You can help simulate the hunt and feast aspects of the cat cycle by treating each toy as the prey it should embody. For example, “air hunting” toys (i.e. Da Bird) usually look like fishing pole types, often with feathers on the end. Play time can start with soft sounds of the toy moving around on the floor which should perk up your kitty and get them interested in the start of the hunt. Alternate between having the prey (toy) fly through the air and walk along the ground. You can make the toy hide behind pieces of furniture and peek out which will cause your cat to pounce!  Subtle “quivering” will put your cat’s eyes and ears on high alert which will cause them to inch up and plan an attack.

Wire toys (i.e The Cat Dancer or Dragon Fly) usually mimic an insect in the air and with gentle flicking or twitching of the toy its erratic movements cause unpredictable motion- just like a buzzing fly or jumping cricket. Make it dart out of a bag, speed behind the leg of a chair or dash underneath your sofa.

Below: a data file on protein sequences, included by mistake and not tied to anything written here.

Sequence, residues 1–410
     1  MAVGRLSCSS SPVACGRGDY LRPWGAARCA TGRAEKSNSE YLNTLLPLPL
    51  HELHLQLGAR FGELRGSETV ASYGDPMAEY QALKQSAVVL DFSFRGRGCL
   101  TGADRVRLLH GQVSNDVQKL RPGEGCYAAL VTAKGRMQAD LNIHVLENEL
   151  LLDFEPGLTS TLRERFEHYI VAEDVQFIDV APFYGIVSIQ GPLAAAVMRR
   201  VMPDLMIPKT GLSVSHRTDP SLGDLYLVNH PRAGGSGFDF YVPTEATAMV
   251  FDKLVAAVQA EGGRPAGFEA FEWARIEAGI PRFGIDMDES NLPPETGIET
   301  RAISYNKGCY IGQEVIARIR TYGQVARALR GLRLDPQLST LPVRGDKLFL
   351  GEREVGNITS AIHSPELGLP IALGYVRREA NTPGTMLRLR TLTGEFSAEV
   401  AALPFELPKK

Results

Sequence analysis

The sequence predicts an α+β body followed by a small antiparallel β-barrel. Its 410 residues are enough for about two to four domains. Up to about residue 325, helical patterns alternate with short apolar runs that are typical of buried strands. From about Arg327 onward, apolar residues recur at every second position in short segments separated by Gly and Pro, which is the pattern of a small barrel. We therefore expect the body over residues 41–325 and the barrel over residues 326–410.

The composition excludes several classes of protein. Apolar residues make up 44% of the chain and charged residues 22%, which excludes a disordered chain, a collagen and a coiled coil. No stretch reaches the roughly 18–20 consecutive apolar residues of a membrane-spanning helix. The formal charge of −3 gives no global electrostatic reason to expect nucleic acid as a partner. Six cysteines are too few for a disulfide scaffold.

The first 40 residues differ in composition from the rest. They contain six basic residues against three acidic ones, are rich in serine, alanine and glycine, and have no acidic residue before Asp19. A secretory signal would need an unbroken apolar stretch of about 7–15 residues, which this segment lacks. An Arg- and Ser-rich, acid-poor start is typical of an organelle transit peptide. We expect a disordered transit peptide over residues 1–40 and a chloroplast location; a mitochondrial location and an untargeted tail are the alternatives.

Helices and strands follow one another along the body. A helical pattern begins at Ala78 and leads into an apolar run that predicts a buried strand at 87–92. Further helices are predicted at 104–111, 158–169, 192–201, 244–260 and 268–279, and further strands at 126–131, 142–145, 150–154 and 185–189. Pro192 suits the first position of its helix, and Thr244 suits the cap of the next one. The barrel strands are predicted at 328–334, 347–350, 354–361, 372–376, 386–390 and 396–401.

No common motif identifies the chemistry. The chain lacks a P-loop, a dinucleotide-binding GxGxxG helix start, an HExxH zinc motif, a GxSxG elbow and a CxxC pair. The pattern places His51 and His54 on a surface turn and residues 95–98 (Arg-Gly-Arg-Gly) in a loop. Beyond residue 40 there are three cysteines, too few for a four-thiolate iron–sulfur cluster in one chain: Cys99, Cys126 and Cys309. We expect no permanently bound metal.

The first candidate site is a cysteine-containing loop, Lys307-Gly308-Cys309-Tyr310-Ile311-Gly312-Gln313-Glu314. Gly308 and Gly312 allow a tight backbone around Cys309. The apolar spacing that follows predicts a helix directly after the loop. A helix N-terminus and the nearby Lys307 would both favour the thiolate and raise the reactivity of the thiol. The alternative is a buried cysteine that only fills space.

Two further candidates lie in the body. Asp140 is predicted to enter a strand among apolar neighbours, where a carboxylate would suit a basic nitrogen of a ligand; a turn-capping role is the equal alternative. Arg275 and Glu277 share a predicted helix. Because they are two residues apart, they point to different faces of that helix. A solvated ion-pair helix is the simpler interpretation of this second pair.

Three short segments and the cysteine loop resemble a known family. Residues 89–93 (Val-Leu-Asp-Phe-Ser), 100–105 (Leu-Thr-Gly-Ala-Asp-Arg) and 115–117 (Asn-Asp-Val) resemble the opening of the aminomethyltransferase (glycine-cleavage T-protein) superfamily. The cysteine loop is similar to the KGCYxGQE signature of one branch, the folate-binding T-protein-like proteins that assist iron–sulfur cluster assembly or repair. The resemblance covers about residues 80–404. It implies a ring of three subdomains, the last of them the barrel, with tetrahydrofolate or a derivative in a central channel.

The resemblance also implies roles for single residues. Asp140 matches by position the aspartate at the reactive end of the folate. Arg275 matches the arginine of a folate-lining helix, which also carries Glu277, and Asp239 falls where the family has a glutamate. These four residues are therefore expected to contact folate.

Snake type toys (i.e. The Cat Charmer) can slither slowly behind boxes or furniture as well as slink around a corner and out of sight.

Make sure your cat has successful “captures” throughout play time. Try not to make it too hard as then it will not be beneficial or fun for them. If your kitty captures the toy and walks away, allow your grip to relax and let it go so they can enjoy the capture for a few moments. Often times, your kitty will drop the toy or allow some slack once they realize the prey is not moving anymore. This is your chance to bring it alive again.

When you are ready to end play time, try not to do so abruptly. You want your feline to be relaxed and satisfied at the finish. Slowly wind down the movements of the toy as if the prey is injured or tired. As the toy gets slower and lower, your cat will be left feeling like they had an accomplished hunt.